Transportation Dept. ludicrously claims tax-per-mile needed to offset prevalence of fuel-efficient cars
January 31, 2014
Lawmakers in Washington state are edging closer to implementing a new system that would monitor and tax drivers based on miles driven, under a proposal supposedly centered around transportation funding sustainability.
The Washington State Transportation Commission and the Department of Transportation say the motor fuel tax, which currently pays for 76% of transportation investments, is unsustainable “over the long term.”
In a dizzying twist of logic, the Commission and DOT blame the prevalence of fuel-efficient cars as the reason the state now needs a per-mile tax, arguing that “the move to cleaner, smarter vehicles must be accompanied by a change in the way we pay for our roads.”
“Population and vehicle miles traveled will continue to increase but vehicles will burn less gasoline – resulting in less revenue to maintain and operate our roadway system,” a state-funded promotional pamphlet declares.
Last week, a committee set up by the Transportation Commission, after concluding a $1.4 million study, reported the fee could generate upwards of $3 billion. By 2015, transportation officialdom hopes to roll out a pilot program and gauge “public acceptance issues.”
“According to the study, drivers could be charged three ways; either with a flat-fee, by having odometers checked, or with an electronic device installed in cars to measure how many miles are driven,” a King 5 News report states.
As expected, however, not everyone is happy with the idea of having to bail out the state. “I choose to drive a car that takes less gas,” Portland resident Hayley Ramerman says, “so I think I shouldn’t have to be charged more because I’m choosing to drive a car that is more fuel efficient.”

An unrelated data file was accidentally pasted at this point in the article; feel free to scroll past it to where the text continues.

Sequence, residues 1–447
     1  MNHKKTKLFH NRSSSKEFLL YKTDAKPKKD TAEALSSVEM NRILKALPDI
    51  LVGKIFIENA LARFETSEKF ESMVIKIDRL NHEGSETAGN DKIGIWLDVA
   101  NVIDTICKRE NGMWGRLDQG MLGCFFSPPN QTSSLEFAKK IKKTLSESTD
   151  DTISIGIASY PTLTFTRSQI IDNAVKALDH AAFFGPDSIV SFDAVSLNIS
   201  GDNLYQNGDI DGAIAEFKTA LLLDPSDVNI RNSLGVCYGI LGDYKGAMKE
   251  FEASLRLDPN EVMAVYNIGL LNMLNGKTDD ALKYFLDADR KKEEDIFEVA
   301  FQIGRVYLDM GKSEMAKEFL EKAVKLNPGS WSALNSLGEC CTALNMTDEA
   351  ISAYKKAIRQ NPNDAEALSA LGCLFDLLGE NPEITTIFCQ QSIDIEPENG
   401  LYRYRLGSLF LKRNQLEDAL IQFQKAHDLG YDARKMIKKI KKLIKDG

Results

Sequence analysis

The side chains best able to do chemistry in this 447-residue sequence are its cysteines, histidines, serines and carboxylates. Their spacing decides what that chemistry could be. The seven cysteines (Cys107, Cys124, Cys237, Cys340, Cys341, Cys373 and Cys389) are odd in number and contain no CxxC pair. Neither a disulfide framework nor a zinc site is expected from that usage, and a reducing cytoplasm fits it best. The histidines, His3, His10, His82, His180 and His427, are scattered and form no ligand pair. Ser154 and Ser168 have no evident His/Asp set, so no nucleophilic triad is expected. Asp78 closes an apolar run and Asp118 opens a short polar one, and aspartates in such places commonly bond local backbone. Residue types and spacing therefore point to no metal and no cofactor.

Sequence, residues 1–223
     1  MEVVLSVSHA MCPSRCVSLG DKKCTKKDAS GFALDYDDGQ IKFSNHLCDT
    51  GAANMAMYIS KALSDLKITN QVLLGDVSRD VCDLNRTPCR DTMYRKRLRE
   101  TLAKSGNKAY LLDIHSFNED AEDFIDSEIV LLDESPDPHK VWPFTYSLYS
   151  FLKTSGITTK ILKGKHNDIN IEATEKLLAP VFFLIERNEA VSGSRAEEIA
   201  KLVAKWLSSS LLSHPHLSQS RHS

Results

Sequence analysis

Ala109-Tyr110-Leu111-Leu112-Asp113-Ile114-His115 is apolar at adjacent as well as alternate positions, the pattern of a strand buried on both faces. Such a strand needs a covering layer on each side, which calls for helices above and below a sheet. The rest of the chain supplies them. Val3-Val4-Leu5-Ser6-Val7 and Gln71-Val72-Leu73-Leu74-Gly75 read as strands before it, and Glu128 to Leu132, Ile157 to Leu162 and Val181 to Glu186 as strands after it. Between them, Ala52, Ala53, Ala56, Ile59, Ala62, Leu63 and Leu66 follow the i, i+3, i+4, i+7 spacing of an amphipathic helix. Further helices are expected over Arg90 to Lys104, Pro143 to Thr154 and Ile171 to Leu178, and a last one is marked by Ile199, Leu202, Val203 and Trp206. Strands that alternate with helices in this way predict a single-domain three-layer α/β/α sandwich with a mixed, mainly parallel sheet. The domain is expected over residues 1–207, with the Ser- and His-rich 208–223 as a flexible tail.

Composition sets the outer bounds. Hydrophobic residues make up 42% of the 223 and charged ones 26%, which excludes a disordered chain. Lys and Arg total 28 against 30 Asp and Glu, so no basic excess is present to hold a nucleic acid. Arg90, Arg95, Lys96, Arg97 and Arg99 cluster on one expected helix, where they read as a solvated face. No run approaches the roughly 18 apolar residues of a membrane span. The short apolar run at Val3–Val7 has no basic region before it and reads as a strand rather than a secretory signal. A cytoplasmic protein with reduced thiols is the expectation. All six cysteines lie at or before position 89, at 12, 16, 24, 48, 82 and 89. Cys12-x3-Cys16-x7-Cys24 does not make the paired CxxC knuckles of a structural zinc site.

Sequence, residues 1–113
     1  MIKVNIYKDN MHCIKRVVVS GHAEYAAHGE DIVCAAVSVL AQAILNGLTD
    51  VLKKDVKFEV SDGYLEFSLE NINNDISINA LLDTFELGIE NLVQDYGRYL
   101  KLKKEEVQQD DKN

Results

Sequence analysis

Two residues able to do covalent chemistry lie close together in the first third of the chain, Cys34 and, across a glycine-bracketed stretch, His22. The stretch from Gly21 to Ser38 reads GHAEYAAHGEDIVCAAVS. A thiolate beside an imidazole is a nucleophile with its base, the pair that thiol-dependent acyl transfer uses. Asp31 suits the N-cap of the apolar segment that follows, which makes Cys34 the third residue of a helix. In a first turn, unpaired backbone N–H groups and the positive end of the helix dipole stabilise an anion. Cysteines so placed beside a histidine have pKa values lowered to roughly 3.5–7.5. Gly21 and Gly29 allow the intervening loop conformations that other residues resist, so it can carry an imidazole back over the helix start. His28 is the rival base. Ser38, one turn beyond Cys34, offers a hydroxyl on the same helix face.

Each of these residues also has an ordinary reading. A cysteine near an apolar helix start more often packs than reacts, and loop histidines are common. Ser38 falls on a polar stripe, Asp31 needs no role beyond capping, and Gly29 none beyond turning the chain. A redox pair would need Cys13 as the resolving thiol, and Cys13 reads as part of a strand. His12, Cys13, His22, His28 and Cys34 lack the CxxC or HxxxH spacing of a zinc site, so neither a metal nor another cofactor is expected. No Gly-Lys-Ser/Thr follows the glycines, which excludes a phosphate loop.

Others are concerned the technology used by the state to monitor driving habits poses immense risks to privacy. “[I]t’s the ‘black box’ system in particular that’s untenable: It would force us to surrender our privacy,” Mark Perry, a scholar with the American Enterprise Institute, said in May 2013. “Each day more and more of us are required to tell government agencies more and more about ourselves. Do we really want the government collecting data about driving habits?”
Last year, Oregon began charging drivers a 1.5 cent-per-mile fee in its own tax-per-mile scheme. And it’s going to get worse before it gets any better.
“The incentive for states to pursue this kind of program could build as cars become more fuel efficient, especially considering President Obama wants new vehicles to get 54.5 mpg by 2025, up from the average now of 23.5 mpg’s,” according to a report filed by Fox News.
In the aforementioned pamphlet, the anecdote of the boiling frog is used to somehow relate how the rise of fuel-efficient vehicles will spell certain disaster for highway funding efforts. It also lists states considering a similar tax, such as Nevada, Minnesota, Colorado and California, in addition to a stretch of Highway I-95 which runs from Maine to Florida.
For years Infowars has warned that vehicle surveillance devices would be sold to us as a necessity. Now people like Hasan Ikhrata, the executive director of the Southern California Assn. of Governments, claim black boxes, in order to tax citizens, are “really.. a must for our nation.”
“There is going to be a change in how we pay these taxes. The technology is there to do it,” Ikhrata told the Los Angeles Times.
Since 2004, state legislators have waged an uphill battle in trying to convince citizens to sign on to similar taxes. According to at least one non-scientific poll, conducted by a local TV station in California, however, 95.2 percent of viewers, out of 339 people who voted, were against a mileage tax.
In the grander scheme, the plan to tax per mile ultimately follows goals set forth in the United Nation’s notorious Agenda 21 action plan, which among other things purportedly seeks to “Encourage economic policies conducive to sustainable development.”